Ralf Vogel, Hans Broekhuis
Ralf Vogel; Hans Broekhuis (Hrsg.)

Optimality theory and minimalism

A possible convergence?



ISBN: 978-3-939469-54-4
231 Seiten
Erscheinungsjahr 2006

Reihe: Linguistics in Potsdam , Band 25

9,00 

This issue of Linguistics in Potsdam contains a number of papers that grew out of the workshop Descriptive and Empirical Adequacy in Linguistics held in Berlin on December 17-19 December, 2005. One of the goals of this meeting was to bring together scholars working in various frameworks (with emphasis on the Minimalist Program and Optimality Theory) and to discuss matters concerning descriptive and empirical adequacy. Another explicit goal was to discuss the question whether Minimalism and Optimality Theory should be considered incompatible and, hence, competing theories, or whether the two frameworks should rather be considered complementary in certain respects (see http://let.uvt.nl/deal05/call.html for the call for papers). Five of the seven papers in this volume directly grew out of the oral presentations given at the workshop. Although Vieri Samek-Lodovici’s paper was not part of the workshop, it can also be considered a result of the workshop since it pulls together some of his many comments during the discussion time. The paper by Eva Engels and Sten Vikner discusses a phenomenon that received much interest from both minimalist and optimality theoretic syntax in the recent years, Scandinavian object shift. The paper may serve as a practical example for a claim that is repeatedly made in this volume: minimalist and OT analyses, even where they might be competing, can fruitfully inform each other in a constructive manner, leading to a deeper understanding of syntactic phenomena.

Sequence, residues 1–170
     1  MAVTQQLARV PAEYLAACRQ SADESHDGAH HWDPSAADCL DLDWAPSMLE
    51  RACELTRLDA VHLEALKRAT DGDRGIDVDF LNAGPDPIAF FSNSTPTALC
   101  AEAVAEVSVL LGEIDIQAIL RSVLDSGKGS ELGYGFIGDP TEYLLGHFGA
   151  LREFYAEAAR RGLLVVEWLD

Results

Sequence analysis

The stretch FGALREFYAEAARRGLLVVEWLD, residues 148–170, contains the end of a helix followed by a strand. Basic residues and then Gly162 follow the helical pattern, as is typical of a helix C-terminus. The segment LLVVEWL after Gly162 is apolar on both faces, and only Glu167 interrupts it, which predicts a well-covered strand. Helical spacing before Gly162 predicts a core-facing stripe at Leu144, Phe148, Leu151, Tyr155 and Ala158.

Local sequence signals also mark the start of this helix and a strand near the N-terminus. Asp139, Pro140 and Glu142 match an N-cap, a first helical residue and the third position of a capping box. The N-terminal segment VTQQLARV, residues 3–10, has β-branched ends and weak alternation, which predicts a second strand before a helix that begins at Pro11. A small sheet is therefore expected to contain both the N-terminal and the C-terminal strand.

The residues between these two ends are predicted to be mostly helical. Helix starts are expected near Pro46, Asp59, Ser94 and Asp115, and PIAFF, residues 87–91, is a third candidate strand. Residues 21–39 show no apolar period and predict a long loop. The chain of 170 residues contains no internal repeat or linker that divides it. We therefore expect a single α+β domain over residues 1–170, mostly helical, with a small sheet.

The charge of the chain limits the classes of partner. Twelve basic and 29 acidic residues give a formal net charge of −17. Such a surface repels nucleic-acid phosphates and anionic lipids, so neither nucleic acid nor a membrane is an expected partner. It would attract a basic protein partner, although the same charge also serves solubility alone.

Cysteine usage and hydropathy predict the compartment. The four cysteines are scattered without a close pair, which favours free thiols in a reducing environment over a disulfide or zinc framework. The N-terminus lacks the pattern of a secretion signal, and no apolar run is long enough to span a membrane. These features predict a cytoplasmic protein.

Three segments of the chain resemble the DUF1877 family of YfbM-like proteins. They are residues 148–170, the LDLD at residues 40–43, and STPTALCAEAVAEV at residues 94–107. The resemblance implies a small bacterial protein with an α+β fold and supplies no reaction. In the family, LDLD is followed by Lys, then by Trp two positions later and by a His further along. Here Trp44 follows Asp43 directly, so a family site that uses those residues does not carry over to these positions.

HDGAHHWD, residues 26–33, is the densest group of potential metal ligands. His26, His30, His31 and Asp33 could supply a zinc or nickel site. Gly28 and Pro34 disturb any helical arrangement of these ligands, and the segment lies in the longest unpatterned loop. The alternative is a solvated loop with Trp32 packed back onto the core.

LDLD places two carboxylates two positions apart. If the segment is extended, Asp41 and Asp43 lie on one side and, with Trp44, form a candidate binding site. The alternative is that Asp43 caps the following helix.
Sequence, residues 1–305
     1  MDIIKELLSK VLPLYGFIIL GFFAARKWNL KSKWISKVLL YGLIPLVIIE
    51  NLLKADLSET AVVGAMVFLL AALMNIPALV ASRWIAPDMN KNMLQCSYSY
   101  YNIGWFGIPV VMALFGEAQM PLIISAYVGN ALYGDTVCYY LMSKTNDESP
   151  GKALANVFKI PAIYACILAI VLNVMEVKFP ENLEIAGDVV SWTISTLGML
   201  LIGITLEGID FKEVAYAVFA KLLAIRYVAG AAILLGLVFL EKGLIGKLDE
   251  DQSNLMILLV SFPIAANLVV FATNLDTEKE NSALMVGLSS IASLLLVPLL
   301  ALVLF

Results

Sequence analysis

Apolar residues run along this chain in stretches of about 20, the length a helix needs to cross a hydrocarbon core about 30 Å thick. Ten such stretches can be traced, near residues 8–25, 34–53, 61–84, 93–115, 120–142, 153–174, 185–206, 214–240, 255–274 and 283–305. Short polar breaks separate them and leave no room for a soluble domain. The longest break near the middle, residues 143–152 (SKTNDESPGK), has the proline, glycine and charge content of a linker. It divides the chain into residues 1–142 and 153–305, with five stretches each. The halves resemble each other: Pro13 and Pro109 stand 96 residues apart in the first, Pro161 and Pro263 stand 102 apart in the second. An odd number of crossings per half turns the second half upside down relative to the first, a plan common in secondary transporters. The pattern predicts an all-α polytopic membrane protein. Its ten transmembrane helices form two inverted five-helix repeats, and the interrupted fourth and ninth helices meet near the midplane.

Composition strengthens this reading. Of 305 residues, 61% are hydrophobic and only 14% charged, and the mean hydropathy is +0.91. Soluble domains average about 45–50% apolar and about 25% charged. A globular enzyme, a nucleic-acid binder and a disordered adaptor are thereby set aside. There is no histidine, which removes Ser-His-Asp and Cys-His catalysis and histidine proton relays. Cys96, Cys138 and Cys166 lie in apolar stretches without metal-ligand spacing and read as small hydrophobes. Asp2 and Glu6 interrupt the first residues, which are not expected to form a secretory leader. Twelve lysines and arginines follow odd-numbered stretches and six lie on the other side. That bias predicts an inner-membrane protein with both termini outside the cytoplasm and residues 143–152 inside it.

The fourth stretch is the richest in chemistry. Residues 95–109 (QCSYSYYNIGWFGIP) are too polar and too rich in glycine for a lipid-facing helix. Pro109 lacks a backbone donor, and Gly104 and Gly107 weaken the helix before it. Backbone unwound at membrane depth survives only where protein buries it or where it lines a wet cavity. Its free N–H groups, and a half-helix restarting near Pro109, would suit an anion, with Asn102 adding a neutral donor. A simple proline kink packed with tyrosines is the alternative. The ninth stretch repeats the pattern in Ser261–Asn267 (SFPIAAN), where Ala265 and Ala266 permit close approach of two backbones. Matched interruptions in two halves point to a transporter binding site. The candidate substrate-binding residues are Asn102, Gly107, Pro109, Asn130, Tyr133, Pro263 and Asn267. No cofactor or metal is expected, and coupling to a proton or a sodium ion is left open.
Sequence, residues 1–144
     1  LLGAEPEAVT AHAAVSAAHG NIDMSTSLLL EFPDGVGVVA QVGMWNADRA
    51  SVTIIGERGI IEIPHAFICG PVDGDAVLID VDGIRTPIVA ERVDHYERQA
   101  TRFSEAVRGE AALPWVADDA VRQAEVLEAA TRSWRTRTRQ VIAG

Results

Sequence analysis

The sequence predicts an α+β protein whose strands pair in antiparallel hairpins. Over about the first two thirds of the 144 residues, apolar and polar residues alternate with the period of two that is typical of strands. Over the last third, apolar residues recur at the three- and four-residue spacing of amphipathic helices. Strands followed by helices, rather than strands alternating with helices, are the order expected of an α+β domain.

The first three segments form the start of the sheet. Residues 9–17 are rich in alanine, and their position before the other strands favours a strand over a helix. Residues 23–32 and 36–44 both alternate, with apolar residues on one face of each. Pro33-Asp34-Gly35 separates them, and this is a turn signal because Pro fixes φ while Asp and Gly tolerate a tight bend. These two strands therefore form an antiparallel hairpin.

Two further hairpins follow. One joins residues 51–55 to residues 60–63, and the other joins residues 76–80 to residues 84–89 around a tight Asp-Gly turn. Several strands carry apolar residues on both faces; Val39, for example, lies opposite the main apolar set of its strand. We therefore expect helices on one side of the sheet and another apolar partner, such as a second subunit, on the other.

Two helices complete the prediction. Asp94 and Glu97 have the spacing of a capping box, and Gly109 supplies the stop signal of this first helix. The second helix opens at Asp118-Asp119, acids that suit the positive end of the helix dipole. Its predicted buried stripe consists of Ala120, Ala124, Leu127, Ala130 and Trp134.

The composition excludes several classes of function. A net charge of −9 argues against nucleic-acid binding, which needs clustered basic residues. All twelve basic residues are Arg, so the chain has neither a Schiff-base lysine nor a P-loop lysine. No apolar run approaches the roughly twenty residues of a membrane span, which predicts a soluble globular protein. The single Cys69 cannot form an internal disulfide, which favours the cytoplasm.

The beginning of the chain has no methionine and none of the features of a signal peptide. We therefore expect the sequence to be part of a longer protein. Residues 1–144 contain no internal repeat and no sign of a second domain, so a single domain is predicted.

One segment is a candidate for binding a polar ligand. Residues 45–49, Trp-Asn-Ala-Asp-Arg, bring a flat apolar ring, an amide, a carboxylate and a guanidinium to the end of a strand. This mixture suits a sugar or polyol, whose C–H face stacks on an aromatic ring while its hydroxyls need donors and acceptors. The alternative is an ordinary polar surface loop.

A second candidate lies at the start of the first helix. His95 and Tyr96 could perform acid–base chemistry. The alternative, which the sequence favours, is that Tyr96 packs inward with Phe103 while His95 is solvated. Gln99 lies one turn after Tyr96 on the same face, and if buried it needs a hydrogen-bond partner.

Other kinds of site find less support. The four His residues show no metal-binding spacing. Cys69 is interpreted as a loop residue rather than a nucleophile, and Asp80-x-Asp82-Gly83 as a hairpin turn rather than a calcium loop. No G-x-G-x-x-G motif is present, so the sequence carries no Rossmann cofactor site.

This issue of Linguistics in Potsdam contains a number of papers that grew out of the workshop Descriptive and Empirical Adequacy in Linguistics held in Berlin on December 17-19 December, 2005. One of the goals of this meeting was to bring together scholars working in various frameworks (with emphasis on the Minimalist Program and Optimality Theory) and to discuss matters concerning descriptive and empirical adequacy. Another explicit goal was to discuss the question whether Minimalism and Optimality Theory should be considered incompatible and, hence, competing theories, or whether the two frameworks should rather be considered complementary in certain respects (see http://let.uvt.nl/deal05/call.html for the call for papers). Five of the seven papers in this volume directly grew out of the oral presentations given at the workshop. Although Vieri Samek-Lodovici’s paper was not part of the workshop, it can also be considered a result of the workshop since it pulls together some of his many comments during the discussion time. The paper by Eva Engels and Sten Vikner discusses a phenomenon that received much interest from both minimalist and optimality theoretic syntax in the recent years, Scandinavian object shift. The paper may serve as a practical example for a claim that is repeatedly made in this volume: minimalist and OT analyses, even where they might be competing, can fruitfully inform each other in a constructive manner, leading to a deeper understanding of syntactic phenomena.